Airbus chief executive Tom Enders predicts the next few months could be “rough and tough” as Boeing responds to the European airframer’s acquisition of the Bombardier CSeries programme.
In remarks to Montreal’s Chamber of Commerce on 20 October, Enders also justified Airbus’ proactive approach to competitive strategy in a perhaps thinly-veiled poke at his American competitor.
“My philosophy has always been it’s much better to be proactive and throw the first stone into the pond than reacting to the initiatives of others,” Enders says.
Airbus announced the pending deal to acquire a 50.1% stake in CSALP, a joint venture between Bombardier and Investissement Quebec. Bombardier’s ownership stake would decline to 31%, with Investissement Quebec holding a 19% share. Enders also has proposed opening a second assembly line in Mobile, Alabama, where Airbus opened a factory for the A320 aircraft family in 2015.
The deal extends Airbus’ commercial aircraft portfolio with the 110-seat CS100 and 130-seat CS300, giving Airbus another option to sell against the Embraer 120-seat E195 and 130-seat Boeing 737 Max 7. It’s not clear how Boeing and Embraer will respond to the deal, but Enders doesn’t expect them to maintain the status quo.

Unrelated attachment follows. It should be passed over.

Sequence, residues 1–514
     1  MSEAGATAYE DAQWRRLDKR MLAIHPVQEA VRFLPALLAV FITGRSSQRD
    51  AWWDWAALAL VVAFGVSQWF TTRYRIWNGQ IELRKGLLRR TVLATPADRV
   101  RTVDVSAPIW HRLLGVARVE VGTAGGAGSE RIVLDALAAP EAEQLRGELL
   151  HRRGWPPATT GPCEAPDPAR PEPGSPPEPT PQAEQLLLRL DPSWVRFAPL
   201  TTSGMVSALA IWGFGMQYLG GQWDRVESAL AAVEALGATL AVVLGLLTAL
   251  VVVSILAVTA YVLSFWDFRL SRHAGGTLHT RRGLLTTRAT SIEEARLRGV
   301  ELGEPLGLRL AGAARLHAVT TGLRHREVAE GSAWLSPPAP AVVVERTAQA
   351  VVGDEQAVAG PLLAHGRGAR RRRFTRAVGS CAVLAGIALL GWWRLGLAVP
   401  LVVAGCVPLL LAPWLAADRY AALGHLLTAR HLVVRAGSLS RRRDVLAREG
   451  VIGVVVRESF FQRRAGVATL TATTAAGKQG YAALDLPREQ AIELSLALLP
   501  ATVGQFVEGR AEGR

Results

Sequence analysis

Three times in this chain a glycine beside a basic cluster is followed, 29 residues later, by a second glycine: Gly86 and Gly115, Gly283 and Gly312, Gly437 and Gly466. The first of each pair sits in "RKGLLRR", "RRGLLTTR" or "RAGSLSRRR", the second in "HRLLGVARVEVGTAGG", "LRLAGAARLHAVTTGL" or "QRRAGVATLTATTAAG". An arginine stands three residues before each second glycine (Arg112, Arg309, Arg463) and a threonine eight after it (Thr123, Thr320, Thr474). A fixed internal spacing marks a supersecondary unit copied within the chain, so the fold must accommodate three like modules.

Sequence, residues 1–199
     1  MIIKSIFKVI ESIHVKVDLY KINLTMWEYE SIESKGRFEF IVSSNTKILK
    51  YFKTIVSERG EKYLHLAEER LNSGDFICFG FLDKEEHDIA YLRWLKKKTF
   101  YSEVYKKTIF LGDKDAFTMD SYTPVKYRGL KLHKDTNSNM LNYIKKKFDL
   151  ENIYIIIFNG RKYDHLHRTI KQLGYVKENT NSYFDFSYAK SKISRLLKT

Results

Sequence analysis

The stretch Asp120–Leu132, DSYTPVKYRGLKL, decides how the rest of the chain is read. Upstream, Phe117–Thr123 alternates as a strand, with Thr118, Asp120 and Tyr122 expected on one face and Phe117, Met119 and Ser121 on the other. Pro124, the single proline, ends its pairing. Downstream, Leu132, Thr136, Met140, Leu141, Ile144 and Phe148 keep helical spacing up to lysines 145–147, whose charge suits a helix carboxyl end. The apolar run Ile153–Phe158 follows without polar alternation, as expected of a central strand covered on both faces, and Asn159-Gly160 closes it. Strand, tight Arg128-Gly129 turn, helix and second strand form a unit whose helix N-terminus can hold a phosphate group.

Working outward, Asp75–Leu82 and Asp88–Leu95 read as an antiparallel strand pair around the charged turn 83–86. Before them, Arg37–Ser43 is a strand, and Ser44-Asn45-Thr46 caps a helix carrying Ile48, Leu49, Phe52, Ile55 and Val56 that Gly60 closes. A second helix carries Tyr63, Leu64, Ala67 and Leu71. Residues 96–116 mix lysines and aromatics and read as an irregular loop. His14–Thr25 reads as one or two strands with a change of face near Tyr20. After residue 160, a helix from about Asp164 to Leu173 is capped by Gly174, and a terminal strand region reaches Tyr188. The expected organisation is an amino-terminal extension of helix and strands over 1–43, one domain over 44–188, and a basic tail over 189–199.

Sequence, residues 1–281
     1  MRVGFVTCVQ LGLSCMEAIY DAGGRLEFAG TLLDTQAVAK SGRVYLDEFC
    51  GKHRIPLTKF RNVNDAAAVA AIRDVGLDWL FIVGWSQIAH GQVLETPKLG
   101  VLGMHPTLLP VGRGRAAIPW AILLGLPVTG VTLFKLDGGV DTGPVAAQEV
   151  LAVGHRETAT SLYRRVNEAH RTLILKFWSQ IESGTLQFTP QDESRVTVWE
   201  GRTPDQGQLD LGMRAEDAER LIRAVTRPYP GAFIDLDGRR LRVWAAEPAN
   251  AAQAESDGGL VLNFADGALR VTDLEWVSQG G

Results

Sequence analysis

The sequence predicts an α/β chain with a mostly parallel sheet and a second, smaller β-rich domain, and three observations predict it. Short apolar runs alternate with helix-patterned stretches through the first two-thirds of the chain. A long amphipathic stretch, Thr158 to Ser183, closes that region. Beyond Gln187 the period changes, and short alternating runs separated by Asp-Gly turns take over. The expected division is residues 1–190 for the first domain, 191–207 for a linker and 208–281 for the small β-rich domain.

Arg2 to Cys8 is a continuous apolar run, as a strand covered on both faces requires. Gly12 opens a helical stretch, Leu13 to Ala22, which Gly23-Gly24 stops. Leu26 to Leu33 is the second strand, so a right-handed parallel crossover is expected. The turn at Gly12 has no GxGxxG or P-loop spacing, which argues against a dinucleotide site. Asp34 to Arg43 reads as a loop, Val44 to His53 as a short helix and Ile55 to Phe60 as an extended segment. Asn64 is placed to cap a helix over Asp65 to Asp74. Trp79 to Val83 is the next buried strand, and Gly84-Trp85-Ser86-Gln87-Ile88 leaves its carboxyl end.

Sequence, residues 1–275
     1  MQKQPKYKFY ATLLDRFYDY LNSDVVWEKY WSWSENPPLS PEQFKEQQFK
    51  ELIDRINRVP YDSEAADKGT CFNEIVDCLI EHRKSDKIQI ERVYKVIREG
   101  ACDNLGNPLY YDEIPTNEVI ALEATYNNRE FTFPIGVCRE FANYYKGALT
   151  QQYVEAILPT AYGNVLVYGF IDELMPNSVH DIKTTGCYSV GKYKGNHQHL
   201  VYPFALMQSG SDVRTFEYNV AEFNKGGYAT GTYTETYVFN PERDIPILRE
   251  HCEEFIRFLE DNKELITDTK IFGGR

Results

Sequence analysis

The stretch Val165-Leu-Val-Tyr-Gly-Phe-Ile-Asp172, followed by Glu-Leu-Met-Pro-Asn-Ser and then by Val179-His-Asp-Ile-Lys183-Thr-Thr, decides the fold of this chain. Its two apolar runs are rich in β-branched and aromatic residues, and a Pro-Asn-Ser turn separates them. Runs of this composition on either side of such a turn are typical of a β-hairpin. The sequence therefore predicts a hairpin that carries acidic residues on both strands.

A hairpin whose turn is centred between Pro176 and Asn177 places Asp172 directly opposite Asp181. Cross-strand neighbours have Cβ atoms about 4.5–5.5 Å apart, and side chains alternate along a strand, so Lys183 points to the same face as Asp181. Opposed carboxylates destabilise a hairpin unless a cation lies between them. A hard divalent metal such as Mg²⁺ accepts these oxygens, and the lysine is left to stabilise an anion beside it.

“There’s no doubt that we are throwing a big stone in the global aerospace industry pond and there are ripples, and there will be new alliances formed as a, you know, reaction to that, [and] new products being launched,” Enders says. “We can’t prevent that from happening obviously. We thrive on competition in the global marketplace.”
Enders also hints that he expects Boeing, which he referred to as “The B-Guy”, to respond in non-commercial ways, too. Boeing already had used Bombardier’s sale of 75 CS100s to Delta Air Lines as a pretext for a trade complaint with the US Commerce Department, which in response made a preliminary decision to assess a 300% tariff on all CSeries deliveries to Delta.
Boeing already has responded that the tariffs will remain in effect even if Airbus delivers the CSeries from a future plant in Mobile.
“The B-Guy will certainly throw everything our way they can figure. So the coming months you know might be a little bit rough and tough but we’ve seen that before and absolutely confident that the two companies ... we can prevail,” Enders says.